I started my PhD last October and so far I’m loving every second… yes even the hard days! Northumbria University is like a second home to me. I did my undergraduate degree and the Bar Professional Training Course here. So after taking a year out and coming back to do my PhD it felt like coming home. I’m comfortable here, I know many members of staff, how to get around campus and, most importantly, where the closest bars are! This doesn’t mean that I have breezed through my first year. I’ve learnt so much about myself and the life of academia that I thought my first blog should be to share my experiences.

1) Your PhD is your own

This for me was very important. I felt like I spent most of the first few months of my PhD listening to how other people think a PhD should go. Whilst I do encourage students to discuss their work with others who have gained that well earned Dr status, be careful. It is great to hear about other people’s experiences and take little tips away from them. But your work is your own and you do it how you and your supervisor think is best. Over this last year I have been told that I shouldn’t be collecting data in my first year, I shouldn’t be presenting papers at conferences yet, I shouldn’t be publishing that much… the list can go on. This really panicked me and I ran to my supervisor exclaiming, ‘I’m doing my PhD wrong!!’ Her reply: ‘Well, are you happy?’ I thought about this. I am happy. I have loved collecting data this year. I have loved giving papers and attending conferences. That’s when I decided that my PhD is my own, I know what I’m doing, I have a great supervisor to guide me, and I shouldn’t let anyone else influence this. You know your work better than anyone else, so just go for it!

2) Build good relationships 

These relationships are with a variety of people. First of all, make sure you have a great relationship with your supervisor. I’m not saying be best friends with them, but make sure you feel comfortable with them. I absolutely love my supervisor and I know how lucky I am to have her… trust me, other PhD students tell me! But I also know that the reason I’m so lucky to have her is because we have a give and take relationship. She provides me with a lot of support and guidance and in return I never miss deadlines and I will help her where I can. This can even just be grabbing her a coffee for our monthly meetings!

It is also important to build relationships with other members of staff. Knowing you have people to turn to is a comfort, even if it’s just for a little bit of advice or reassurance. Also, academics are great to drink with! Especially if they are lawyers too…

External relationships are good too. Once you’ve been to a few conferences you start to see the same faces. By the end of this year I was catching up with other academics from all over the world and feeling like I really belonged in my field.

Finally, don’t forget your fellow PhD students! They are going through what you’re going through. It is great to be able to call someone from my office to ask stupid things, like ‘where do I find this document?’ and ‘do you remember how to make maps on NVivo?’ I also love shouting ‘PINT’ and someone will go for a drink with you.

3) Learn how to say no

This is hard to do as a PhD student. When we get asked to be research assistants etc., we feel obligated to do it. If we say no academics may think we are lazy or not offer us the same opportunities in the future. This is not the case. You are fully justified to say no if you do not have the time and you should not feel guilty. I’ve said no to a couple of things this year and nothing bad happened. If you just explain that you have a lot on your colleagues will understand.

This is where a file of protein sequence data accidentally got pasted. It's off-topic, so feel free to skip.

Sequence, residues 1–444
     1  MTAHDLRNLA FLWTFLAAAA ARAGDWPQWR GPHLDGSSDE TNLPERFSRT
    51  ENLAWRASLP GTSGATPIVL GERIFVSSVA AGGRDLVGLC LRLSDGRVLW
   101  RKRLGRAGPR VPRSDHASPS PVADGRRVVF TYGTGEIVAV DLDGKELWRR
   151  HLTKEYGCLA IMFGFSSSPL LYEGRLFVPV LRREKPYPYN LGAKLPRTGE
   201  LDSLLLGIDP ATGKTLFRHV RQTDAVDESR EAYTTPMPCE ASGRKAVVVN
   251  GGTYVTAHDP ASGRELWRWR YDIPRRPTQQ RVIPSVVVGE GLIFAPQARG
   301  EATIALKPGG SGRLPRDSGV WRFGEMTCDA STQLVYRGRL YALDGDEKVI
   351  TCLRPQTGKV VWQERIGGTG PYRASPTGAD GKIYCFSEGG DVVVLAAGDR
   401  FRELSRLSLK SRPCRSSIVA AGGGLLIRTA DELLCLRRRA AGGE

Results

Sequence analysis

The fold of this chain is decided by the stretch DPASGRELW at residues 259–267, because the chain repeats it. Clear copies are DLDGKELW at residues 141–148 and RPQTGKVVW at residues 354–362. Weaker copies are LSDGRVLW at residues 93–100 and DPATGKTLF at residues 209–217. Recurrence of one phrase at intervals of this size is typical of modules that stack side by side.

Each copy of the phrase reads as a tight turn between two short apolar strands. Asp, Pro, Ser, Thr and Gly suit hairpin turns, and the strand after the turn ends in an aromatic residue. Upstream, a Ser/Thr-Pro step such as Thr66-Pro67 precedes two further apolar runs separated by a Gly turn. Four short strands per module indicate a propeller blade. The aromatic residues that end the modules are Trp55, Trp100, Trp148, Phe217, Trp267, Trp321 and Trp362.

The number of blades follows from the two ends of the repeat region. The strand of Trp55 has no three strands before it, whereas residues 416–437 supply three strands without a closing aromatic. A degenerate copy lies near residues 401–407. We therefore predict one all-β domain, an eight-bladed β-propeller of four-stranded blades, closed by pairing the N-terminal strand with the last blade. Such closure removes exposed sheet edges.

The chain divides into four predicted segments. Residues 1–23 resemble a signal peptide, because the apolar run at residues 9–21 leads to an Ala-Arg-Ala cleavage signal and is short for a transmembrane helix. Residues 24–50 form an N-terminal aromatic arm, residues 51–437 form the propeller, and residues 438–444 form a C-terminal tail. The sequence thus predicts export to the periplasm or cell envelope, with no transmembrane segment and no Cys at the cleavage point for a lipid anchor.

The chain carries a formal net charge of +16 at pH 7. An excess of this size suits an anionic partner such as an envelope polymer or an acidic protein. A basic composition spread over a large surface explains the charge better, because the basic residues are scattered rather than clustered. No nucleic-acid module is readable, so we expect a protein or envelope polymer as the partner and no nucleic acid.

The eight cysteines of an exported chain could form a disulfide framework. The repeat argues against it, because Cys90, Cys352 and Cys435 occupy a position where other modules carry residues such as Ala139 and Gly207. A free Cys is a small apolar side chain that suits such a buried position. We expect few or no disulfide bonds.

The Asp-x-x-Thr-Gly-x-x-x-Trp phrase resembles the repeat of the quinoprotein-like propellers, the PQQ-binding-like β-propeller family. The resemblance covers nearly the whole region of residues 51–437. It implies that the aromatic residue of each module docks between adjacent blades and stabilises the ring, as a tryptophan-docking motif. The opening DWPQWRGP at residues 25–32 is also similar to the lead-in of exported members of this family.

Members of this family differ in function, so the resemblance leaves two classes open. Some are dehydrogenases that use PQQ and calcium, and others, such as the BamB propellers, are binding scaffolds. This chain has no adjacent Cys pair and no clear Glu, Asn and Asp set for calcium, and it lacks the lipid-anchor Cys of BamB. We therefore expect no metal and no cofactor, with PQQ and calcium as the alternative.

Equally, don’t be lazy! If you do have the time then they are excellent experiences and sometimes you can earn some extra cash. It also looks great on your CV. But like I said, only if you have the time. You are there to do your PhD and that comes first.

4) Go to conferences and talk to people

Going to a conference is so much fun. You meet like minded people who care or are interested in your work (there’s only so much clinical talk my friends can take!). It is also an opportunity to see what is going on in your field, gain inspiration and start forming your own opinions. If you can present, even better! I’ve found that attendees at conferences take it easy on you if they know you’re a PhD student. They know you are just starting out and finding your feet. Giving a paper is a good way to get feedback on your work by those other than your supervisors, see different perspectives and maybe get little tips!

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I mean, just look at that smile. I was having the best time!

And you can make some great contacts. If you do, follow up with an email. I’ve had people send me their articles which they think are relevant to my research. Win!

5) You MUST take breaks

I think this is my most important lesson this year. When I first started my PhD I felt as though I had to know everything about everything and I started working all the time. I would easily get home from the office and open my MacBook until 10pm. Eat, sleep, work, repeat. And I burnt out. It is so important to look after yourself during this long process. Otherwise you do burn out, become unhappy and lose motivation. Luckily I live with my best friend and she sorted me out. She now drops me off and picks me up from the office so I’m not staying unnecessarily late. If I do want to do work outside of office hours, other than reading, I have to justify to her why it is urgent. I have to say, this has really worked. I feel happy, I still feel motivated and I still love my PhD. I don’t feel guilty for binge watching Netflix on a weekend instead of writing a paper. We all need time to wind down. If you have a best friend like I do then you’re very lucky!

Lastly, take holidays! One of my great loves is travelling. I try to do it as much as possible. My big holiday this year was spending time in Australia visiting friends I hadn’t seen in a couple of years. I did no work, apart from one day presenting work at Monash University, and I loved it.

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Look how happy I am with this koala! The break did me good and by the time I got home I felt ready to get back to work. Next year I’m taking a month off to go hiking in America. Do I feel guilty for spending that much time away from my PhD? Nope! I work really hard all year, so I feel justified taking time off.

And just remember, enjoy your PhD. You can take something away from every experience, even the difficult ones.